10:00 PM PDT on Monday, April 26, 2010

By ALICIA ROBINSON
The Press-Enterprise

In the upcoming fiscal year, Riverside officials expect to trim spending in 14 of 17 city departments and shrink the general fund by about $3 million compared with what was budgeted this year — and they plan to do it without layoffs or cutting city services.

The savings will come from attrition, delaying purchases, transferring salaries out of the general fund into special funds and other fiscal maneuvers, City Manager Brad Hudson said Monday.

While the proposed budget is “as bare-bones as you can get,” Mayor Ron Loveridge said the cuts are not draconian.

“We’re not talking about closing libraries … we’re not talking about closing fire stations. We’re sustaining the basic activities of the city, in some cases doing less, but it’s a very difficult economic time for Riverside and for other cities,” he said.

Hudson said the only service where the public might notice a difference is tree trimming, which used to be done on a schedule but is now largely on an emergency basis.

Today, Hudson will present the City Council with a proposed 2010-11 budget that includes $194.7 million in general fund spending, about 1.5 percent less than this year’s budgeted spending. The fiscal year begins July 1.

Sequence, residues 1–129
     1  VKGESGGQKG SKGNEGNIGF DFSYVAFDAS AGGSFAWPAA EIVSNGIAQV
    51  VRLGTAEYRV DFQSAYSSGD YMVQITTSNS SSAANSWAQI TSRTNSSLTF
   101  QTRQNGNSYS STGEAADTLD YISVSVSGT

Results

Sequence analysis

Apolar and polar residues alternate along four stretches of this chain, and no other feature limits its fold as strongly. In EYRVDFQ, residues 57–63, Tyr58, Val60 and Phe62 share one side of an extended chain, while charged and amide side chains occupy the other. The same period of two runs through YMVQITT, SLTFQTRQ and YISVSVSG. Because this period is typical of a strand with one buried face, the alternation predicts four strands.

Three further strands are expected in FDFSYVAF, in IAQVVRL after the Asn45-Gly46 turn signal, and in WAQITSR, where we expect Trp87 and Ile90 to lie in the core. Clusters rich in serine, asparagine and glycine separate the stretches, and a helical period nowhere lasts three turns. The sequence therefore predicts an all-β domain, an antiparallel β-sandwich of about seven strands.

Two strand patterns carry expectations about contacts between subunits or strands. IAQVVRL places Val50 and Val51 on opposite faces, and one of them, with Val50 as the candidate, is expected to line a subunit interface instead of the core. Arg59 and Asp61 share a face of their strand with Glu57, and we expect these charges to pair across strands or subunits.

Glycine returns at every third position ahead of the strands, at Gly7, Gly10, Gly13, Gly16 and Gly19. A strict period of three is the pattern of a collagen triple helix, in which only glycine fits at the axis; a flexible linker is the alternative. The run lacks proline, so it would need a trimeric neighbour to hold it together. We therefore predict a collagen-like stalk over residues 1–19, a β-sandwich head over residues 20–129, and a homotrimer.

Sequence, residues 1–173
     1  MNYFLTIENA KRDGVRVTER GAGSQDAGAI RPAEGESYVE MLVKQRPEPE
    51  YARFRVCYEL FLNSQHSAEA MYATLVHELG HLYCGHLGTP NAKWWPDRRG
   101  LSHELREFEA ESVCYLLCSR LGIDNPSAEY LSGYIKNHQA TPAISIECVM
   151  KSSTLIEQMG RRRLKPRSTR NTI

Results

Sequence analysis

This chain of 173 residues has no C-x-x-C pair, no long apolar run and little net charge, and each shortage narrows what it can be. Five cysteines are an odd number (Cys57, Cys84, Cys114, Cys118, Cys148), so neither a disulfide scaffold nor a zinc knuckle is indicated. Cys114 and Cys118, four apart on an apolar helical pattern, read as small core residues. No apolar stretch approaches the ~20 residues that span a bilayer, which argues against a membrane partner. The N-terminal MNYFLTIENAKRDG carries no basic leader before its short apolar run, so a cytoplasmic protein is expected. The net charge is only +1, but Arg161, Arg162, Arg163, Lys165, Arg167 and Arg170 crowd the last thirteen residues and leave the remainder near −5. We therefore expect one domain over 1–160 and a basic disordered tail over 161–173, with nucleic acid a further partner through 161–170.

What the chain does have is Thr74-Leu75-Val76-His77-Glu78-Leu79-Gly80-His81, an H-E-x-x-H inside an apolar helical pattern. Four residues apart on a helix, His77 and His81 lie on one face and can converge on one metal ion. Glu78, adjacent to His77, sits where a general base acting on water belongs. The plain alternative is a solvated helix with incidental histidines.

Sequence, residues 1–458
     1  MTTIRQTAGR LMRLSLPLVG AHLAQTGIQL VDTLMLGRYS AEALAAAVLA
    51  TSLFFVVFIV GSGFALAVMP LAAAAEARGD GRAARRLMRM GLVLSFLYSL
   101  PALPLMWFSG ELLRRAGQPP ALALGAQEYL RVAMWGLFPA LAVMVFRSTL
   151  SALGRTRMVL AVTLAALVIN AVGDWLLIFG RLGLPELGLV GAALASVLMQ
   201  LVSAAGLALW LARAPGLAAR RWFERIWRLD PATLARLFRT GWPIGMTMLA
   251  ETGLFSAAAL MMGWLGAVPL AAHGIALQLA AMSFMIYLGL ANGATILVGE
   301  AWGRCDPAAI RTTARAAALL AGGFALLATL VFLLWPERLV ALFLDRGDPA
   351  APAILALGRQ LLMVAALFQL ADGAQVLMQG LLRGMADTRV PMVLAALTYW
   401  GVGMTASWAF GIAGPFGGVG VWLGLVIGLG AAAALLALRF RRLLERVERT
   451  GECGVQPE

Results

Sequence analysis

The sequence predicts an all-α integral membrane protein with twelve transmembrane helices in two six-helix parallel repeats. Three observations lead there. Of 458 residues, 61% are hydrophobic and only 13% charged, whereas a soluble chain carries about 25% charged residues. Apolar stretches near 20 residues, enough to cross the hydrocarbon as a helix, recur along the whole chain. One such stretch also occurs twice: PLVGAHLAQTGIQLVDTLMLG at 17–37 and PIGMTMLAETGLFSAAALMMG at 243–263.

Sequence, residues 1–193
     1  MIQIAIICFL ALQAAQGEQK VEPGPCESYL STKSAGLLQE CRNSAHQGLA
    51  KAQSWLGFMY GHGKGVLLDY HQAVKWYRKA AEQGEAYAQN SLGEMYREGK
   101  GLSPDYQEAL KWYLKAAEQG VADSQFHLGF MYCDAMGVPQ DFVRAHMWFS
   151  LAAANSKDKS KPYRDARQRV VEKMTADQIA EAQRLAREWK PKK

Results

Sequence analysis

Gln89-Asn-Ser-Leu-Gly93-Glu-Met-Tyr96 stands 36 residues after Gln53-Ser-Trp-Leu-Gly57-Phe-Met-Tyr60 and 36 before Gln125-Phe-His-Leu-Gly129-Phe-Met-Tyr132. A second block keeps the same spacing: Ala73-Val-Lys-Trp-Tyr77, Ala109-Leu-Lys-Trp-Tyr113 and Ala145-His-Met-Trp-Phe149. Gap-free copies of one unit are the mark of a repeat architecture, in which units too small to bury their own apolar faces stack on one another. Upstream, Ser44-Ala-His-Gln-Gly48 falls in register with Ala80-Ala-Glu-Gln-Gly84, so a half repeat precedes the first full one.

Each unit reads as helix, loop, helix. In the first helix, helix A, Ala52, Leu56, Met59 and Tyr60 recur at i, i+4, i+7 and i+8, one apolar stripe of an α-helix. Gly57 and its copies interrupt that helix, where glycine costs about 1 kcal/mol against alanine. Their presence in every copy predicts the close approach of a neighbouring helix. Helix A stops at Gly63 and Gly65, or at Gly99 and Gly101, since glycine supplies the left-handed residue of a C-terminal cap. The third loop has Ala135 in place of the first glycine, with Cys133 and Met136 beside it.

“We’re not budgeting any layoffs,” he said, and the city will give previously deferred cost-of-living increases of 2 percent to all employees except police.

The proposed budget would reduce spending in almost every department, ranging from less than half a percent to more than 10 percent. The exceptions are parks and recreation, information technology and the street light assessment district. Hudson said most departments have begun spending less this year by not replacing employees who leave or old equipment.

The number of sworn police and fire employees budgeted next year will not change, though Hudson said as many as 15 now-vacant police positions will be filled.

The biggest cuts, percentage-wise, are in the budgets for human resources, which would lose more than 10 percent of its funding, and community development, which would be reduced by nearly 8 percent.

In community development, which would lose 11 positions, Hudson said, “It’s a combination of transfers to departments that actually had funding to pay them and also general attrition.”

Hudson said that with fewer city employees overall — about 2,340 budgeted positions next year, down almost 40 from this year — human resources can make do with fewer people.

Public works would lose about 45 budgeted positions, but that includes some jobs that are already vacant.

Hudson pointed out that not all positions allowed for in the city’s budget are necessarily filled.

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